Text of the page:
I’m also an intensivist - I think things could be better for me if I made some policies on how the hospitalists manages certain things, but it’s not my place to dictate how another board certified physician in another department does their job. If they ask me what I think or we have serious problems, we may have some meetings, but I’m not going to walk in and tell them how to do their jobs.

    Sorry to derail. I’ll leave this alone.
     
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  8. HighPriest

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    Well, we're going to disagree here, unfortunately. It's a fallacy of extremes. The argument is "well, either I should be able to do everything I think I can do, or we should just not have my specialty" is a fallacious argument. There are middle grounds. And not being willing to compromise on those is not being willing to work with your colleagues.

    In days yonder, the local family doc would do appendectomies, but they don't anymore because it doesn't make sense for them to do that. The general surgeon would do orthopedic cases. They don't anymore because it doesn't make sense for them to do that. It didn't mean we stopped having family docs and general surgeons, it just meant that we tailored their practices based upon available specialty resources.

    I certainly don't feel that I know how an ED should run. BUT, I do know how medical problems within my field should be managed. Better than the ER. I trust them in some cases to make good judgment calls, and in other cases I ask them to involve me earlier for the sake of the patients. That is, in fact, being collegiate.

    Yes, but I have absolutely no say in who they hire. So I do try to work with them, and in some cases that is by asking them not to do something.

    Except that, in some cases you indirectly do. Because when I get the kid with the FB in the nose who is totally inconsolable, and who cannot be managed in any way other than sedation simply because he wasn't managed in my office to begin with, that is dictating how I run my practice. Or at least, it's burning some bridges that I would have otherwise had. This, of course, goes back to working together to come up with appropriate treatment plans for patients.

    Another example with which I am familiar would be PTAs. For years the management of PTAs went as follows: guy comes in with a PTA, guy gets a CT with contrast, ENT gets called, guy follows up with ENT. Occasionally, an ER doc would drain the PTA first, but very rarely. The vast majority of these patients never need draining and get better with appropriate conservative management, regardless of how their CT looks. And that's fine. That pathway is ok. BUT, we went to the ER and asked them to start a protocol by which they would start suspected PTAs on steroids and appropriate antibiotics, and have them follow up with us in 48 hours. Now, far fewer people get CTs, far fewer people get stabbed in the throat, and most of them call the clinic and simply cancel their appointments.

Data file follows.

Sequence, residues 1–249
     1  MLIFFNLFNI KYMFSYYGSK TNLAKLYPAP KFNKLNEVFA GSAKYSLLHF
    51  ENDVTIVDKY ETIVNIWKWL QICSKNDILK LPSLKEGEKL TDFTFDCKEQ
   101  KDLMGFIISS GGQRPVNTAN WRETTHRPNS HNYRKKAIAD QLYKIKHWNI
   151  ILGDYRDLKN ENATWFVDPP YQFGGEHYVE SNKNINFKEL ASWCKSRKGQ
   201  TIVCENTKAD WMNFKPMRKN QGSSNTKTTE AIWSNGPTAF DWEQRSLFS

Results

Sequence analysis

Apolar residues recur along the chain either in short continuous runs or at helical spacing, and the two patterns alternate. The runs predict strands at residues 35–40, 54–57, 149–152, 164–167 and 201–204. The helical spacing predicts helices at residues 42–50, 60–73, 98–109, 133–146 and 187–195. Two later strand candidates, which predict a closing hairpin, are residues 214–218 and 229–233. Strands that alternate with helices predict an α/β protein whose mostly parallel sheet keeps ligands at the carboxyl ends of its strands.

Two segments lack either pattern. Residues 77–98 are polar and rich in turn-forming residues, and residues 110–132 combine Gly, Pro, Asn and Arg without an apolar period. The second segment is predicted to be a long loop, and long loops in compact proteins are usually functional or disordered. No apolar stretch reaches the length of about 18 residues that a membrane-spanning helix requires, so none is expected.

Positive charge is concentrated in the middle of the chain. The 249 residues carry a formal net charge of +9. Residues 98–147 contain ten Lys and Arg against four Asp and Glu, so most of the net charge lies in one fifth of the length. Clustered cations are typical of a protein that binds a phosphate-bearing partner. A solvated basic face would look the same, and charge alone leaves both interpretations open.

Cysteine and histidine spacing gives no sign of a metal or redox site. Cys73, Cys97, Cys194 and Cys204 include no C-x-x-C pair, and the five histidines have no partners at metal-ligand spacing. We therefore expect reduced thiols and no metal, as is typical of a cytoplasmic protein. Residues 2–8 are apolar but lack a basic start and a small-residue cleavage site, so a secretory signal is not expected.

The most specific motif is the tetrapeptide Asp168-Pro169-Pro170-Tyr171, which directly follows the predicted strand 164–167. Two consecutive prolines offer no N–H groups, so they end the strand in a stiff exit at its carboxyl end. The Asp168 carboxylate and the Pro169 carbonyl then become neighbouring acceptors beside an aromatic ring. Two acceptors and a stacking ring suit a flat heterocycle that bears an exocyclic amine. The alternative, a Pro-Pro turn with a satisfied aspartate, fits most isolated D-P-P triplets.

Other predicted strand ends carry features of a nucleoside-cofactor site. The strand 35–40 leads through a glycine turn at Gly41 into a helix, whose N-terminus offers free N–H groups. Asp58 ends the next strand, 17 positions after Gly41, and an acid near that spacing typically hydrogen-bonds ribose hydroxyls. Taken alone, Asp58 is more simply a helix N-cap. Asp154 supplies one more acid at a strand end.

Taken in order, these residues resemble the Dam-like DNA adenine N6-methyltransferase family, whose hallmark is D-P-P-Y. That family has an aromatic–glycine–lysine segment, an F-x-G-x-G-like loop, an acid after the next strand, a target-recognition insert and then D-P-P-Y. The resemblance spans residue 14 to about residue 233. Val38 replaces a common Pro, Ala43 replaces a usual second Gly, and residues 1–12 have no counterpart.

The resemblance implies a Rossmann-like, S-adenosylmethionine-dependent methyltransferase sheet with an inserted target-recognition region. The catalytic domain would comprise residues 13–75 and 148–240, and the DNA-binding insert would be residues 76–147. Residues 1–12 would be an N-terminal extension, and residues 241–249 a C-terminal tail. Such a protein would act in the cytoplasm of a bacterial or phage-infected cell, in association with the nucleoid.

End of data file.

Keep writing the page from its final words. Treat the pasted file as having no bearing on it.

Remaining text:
Now, there are two ways to look at that: 1 - I'm telling the ED how to run itself, or 2 - I'm asking them to work with us to try to provide the best care for patients (lowest cost, fastest recovery, least amount of pain).

    When it comes to this draining the knee issue, admittedly to some extent I'm playing devil's advocate because I'm not an orthopedic surgeon and I don't know the guy who made the request for the ED to stop tapping. But, I don't think its unreasonable to work with the ED to have a policy that may or may not also mean that the ER doc doesn't do certain procedures, so long as patients are managed appropriately, and in an timely fashion. Once we start telling the consultants that we're not willing to work with them on the front end of a patient complaint, that leaves the door open for them being unwilling to take care of the tail-end complications. I don't think either is reasonable.
     
  9. MediCane2006

    MediCane2006 Living the dream
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    This is my general view of things as well. I pretty much never fault our ER colleagues for trying their hand first, and I’m always much happier to come in if someone has already given it the old college try.
     
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  10. MediCane2006

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    Not ortho but I used to moonlight to cover gen surg/ortho/ENT at our community affiliate during surgery residency at our community affiliate in a big Northeast city during surgery residency. The ER would never tap any joint, and would page “ortho” anytime it was indicated. I had to watch a YouTube video the first couple times I tapped a knee, hip, or elbow but I got pretty slick (especially with knees) by the end of residency
     
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  11. dpmd

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    Yeah, it isn't that hard of a procedure. If they let me do it as a med student I don't see getting too bent out of shape if an EM attending who had to get signed off on them during residency does it. I mean unless it didn't seem indicated
     
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  12. Winged Scapula

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    Same-sies.

    We rotated at the hospital that despite having urology, Ortho, and ENT residents, the general surgery residents were first called for the specialties. No idea how that ever even got decide upon.
     
  13. Jolie South

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    If anyone couldn’t get a hold of or didn’t like the response of a subspecialty consultant, Gen Surg got called in my residency.